As a much needed getaway from elder care, we drove west to Soo Junction and indulged ourselves in a totally touristy train and riverboat tour to Tahquamenon Falls, courtesy of Tahquamenon Falls Riverboat Tours. I’ve been vacationing up here for decades and have done all of the usual tourist stuff around here and Anne has been coming even longer, but somehow this attraction has eluded us. Yesterday, after a forty minute drive, we arrived at the parking lot. Before we got there though, we stopped first at Sugar Daddy, the new Brimley bakery, for a little something and at a popup roadside craft stand, at the corner of M-28 and M-123 that was selling birch-bark baskets. Anne bought a nice one for me.
The total tour runs 6 ½ hours and travels through the wilderness swamps and forests around Tahquamenon. It begins with a 35 minute narrow gauge train ride, along the “longest 24″ gauge railroad in the country” (5 ½ miles). Called the Toonerville Trolley, this train was first built for logging in 1910. In 1927 in converted from hauling logs in the winter to hauling tourists in the summer. We sat in the third car, the “party car” that was comprised almost exclusively of people from Ann Arbor. It was sunny, warm, bug free and an enjoyable ride.
The train ride is followed by a 2 hour, 21 mile, riverboat cruise. The Hiawatha offers two decks, with enclosed and open seating, food service and restrooms. If you save some room until the last hour of the return trip, hotdogs are a dollar. This boat is the latest in a sequence of tour boats that have been plying the river. In the dead of winter, water trucks sprayed water for a month, making an ice road 18″ thick. The boat was hauled to the river in five sections by truck and welded together on the frozen river. When spring came, it launched itself.
During the cruise, the captain provided excellent narration on the area’s logging history, Native American history and Michigan’s plant and animal life. After reaching the rapids above the falls, he docked the riverboat for a little over an hour, allowing for a 1¼ mile roundtrip nature hike to a private viewing area for the upper falls. The normal view from across the river is better, but this one was different and different is usually good just for being so. After the stopover, the riverboat and train retraced their routes back to Soo Junction.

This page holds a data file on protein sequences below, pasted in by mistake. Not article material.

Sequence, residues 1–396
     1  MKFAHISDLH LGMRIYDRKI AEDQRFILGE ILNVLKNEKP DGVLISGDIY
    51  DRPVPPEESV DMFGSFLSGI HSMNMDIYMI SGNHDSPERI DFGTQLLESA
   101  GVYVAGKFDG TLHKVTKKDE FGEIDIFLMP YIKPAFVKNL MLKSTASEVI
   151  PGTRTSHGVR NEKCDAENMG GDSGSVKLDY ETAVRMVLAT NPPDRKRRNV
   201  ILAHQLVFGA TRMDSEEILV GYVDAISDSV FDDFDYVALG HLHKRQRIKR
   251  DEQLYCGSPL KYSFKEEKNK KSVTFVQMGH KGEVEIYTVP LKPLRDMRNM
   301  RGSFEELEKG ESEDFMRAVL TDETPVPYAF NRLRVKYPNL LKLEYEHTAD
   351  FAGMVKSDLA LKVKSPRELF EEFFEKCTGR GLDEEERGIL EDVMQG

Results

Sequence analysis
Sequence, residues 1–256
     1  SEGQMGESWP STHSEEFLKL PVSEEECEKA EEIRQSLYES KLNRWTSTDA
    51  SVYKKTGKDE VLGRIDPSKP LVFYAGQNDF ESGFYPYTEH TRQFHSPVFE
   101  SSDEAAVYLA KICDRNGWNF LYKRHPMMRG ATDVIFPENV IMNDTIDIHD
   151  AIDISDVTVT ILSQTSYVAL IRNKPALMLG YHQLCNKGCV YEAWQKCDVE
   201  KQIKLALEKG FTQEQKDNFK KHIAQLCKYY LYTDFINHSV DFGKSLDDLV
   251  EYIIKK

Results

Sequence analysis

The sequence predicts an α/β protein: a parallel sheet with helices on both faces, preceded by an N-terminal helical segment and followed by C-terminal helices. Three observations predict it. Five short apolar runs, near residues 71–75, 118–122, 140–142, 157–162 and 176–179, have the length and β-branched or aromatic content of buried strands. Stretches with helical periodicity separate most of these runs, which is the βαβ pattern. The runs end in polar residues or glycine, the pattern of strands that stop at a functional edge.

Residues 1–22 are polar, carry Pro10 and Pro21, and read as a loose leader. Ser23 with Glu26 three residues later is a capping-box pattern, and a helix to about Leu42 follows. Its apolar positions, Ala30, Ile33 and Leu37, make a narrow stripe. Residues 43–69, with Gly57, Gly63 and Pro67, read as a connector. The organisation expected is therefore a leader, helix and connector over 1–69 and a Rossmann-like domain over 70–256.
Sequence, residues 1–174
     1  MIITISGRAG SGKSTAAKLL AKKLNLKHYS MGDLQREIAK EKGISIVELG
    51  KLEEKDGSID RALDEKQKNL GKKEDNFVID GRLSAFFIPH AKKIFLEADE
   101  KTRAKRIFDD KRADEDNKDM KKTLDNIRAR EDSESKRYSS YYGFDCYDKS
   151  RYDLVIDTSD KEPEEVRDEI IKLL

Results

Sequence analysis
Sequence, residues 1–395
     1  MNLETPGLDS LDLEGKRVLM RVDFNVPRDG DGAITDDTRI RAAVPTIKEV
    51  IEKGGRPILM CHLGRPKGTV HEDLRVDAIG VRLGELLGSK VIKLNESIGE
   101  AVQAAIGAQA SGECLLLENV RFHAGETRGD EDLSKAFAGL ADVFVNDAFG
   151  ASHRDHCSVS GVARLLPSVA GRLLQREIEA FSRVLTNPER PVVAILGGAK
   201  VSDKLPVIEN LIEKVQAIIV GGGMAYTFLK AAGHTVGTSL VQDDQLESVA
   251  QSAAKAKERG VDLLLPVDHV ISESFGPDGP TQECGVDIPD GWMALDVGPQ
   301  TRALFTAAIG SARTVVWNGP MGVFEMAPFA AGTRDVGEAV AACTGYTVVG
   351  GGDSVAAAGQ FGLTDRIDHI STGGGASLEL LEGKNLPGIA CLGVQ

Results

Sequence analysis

It rained on the return boat trip and after a couple of nearby lighting strikes and the captain’s admonition, the outside decks were cleared. It turned cool and we were missing our raincoats that we had left in the car, so we snuggled, just to keep warm, don’t you know. It was still a pleasant ride. The return train trip was not so nice. We both got massacred by mosquitoes. On the way out, we were heading northwest into a northwest wind, giving us a combined air speed of between 10-20 MPH. So, no bugs, but on the way back, we were heading the opposite direction and what with the wind still out of the northwest, the motion of the train was effectively cancelled by the wind. We used Off!, but almost every spot that we had missed with it got bitten.
Still, the expedition was a lot of fun. We saw Sandhill cranes, a Golden and Bald eagle and “Harry” the woodchuck, but no wolves, bear or moose. Maybe next time? We dined at Pickles, which on a Saturday night was slammed. For having spent almost all day sitting, we were both very tired and Bubs had to go to bed early, because no one else was still going to be up much longer.